Trees Used to Make Longbows

Updated February 21, 2017

Wood has a long tradition as a material for making bows. The first bows were believed to have been made of wood or bone 40,000 years ago in ancient Africa. Longbows were developed separately by many cultures, including Native Americans. Each culture had its own traditions for making a longbow, since the materials they had would vary.


The most famous longbows are those of the Welsh and English in the Middle Ages. These were preferably made of yew. Yew is still popular because of the ease of drawing it, and its ability to release quickly. However, it is difficult to acquire yew wood, since it was popular for so long. The British at one time required that a barrel of yew staves to make bows was imported with each barrel of wine from Italy, since Italian yew was highly valued and more abundant.


The ash tree is the runner-up in the bow wood popularity contest. Although it is not as flexible as yew, it still makes good bows. It was used by the English and Native Americans alike, since both Europe and the Americas had their own types of ash. The oldest existing bows, found in Denmark and believed to be roughly 9,000 years old, are made of yew and ash.

Other Self Bow Woods

Self bows are bows made from one type -- and often one piece -- of wood. Most longbows are self bows. Other woods besides yew and ash have been used to make self longbows. English longbows were also made of witch hazel and elm. Native Americans used hickory, oak and osage orange, which is still prized by some bowhunters.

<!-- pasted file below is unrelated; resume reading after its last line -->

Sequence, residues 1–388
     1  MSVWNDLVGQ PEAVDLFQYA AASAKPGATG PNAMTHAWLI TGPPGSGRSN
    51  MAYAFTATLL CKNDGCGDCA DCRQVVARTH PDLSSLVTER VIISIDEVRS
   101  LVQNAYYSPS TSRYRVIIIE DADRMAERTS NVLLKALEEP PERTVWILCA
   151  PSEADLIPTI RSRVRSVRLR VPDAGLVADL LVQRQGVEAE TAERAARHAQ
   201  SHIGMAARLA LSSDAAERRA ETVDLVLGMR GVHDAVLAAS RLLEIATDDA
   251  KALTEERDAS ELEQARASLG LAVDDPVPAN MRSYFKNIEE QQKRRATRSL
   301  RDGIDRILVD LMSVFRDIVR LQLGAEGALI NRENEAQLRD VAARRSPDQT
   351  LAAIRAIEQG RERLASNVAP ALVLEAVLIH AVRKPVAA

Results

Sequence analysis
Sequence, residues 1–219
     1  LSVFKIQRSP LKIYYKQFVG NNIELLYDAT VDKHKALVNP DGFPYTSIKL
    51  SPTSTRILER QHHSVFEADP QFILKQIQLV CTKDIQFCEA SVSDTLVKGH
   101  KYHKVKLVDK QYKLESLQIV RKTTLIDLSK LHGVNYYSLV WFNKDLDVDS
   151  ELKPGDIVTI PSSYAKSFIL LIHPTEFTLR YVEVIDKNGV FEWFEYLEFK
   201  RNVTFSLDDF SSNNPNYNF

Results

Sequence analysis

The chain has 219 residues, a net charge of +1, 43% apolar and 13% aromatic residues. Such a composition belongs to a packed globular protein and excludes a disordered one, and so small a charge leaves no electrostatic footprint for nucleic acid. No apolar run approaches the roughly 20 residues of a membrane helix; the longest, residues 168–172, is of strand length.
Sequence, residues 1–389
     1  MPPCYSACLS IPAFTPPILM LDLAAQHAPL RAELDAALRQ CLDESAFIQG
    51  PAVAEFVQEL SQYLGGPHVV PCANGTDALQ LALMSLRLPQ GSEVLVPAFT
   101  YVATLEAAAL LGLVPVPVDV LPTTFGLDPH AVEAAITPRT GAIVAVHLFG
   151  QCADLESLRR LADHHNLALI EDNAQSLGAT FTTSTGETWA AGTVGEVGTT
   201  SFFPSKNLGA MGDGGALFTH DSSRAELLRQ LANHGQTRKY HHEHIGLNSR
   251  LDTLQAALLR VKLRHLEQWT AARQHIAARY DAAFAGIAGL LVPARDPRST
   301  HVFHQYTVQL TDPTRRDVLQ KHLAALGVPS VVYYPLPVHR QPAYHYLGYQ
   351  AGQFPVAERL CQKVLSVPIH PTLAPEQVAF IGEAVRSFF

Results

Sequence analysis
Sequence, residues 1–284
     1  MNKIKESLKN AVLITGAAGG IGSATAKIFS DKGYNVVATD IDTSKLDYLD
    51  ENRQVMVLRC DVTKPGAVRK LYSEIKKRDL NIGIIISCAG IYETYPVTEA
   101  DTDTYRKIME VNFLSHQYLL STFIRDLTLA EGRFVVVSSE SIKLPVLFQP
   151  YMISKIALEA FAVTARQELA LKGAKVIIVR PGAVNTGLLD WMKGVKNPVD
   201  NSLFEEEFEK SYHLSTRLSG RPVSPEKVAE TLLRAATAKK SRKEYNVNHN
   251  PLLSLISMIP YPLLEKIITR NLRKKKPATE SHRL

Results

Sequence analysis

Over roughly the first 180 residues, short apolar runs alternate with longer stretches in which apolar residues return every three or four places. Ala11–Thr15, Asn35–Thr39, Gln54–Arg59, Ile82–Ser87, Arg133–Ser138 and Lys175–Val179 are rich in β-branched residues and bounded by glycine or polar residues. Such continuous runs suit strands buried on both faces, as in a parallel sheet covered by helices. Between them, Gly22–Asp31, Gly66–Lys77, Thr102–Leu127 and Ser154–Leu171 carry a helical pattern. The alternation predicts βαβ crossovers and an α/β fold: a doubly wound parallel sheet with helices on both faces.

Almost any wood can be used to make a bow. The key is to find the optimum part of the wood for a bow. In some woods like osage orange, this may be the heartwood in the centre. Other woods may require you to use the inner or outer sapwood.

Laminated Bows

Modern laminated longbows are made of two woods. One wood is used on the belly, the inside part toward the archer. This is often a hardwood like satinwood or rosewood. Another wood is used to create the backing, often maple, hickory or bamboo. The two woods are glued together and then sealed -- "laminated" -- to protect them from the elements and help keep them together


Willow is exceptional because it is the only wood you cannot use for making bows. It grows straight, a prime quality in bow wood, but is considered too brittle. Willow can be used to make arrows, but cannot withstand the tension needed to draw and fire a bow.

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About the Author

Nicole Whitney began writing professionally in 2008. She has authored in-house training documentation for quality assurance in insurance applications. With many credits coming from a stint in classics, Whitney holds a Bachelor of Arts in liberal studies from Assumption College.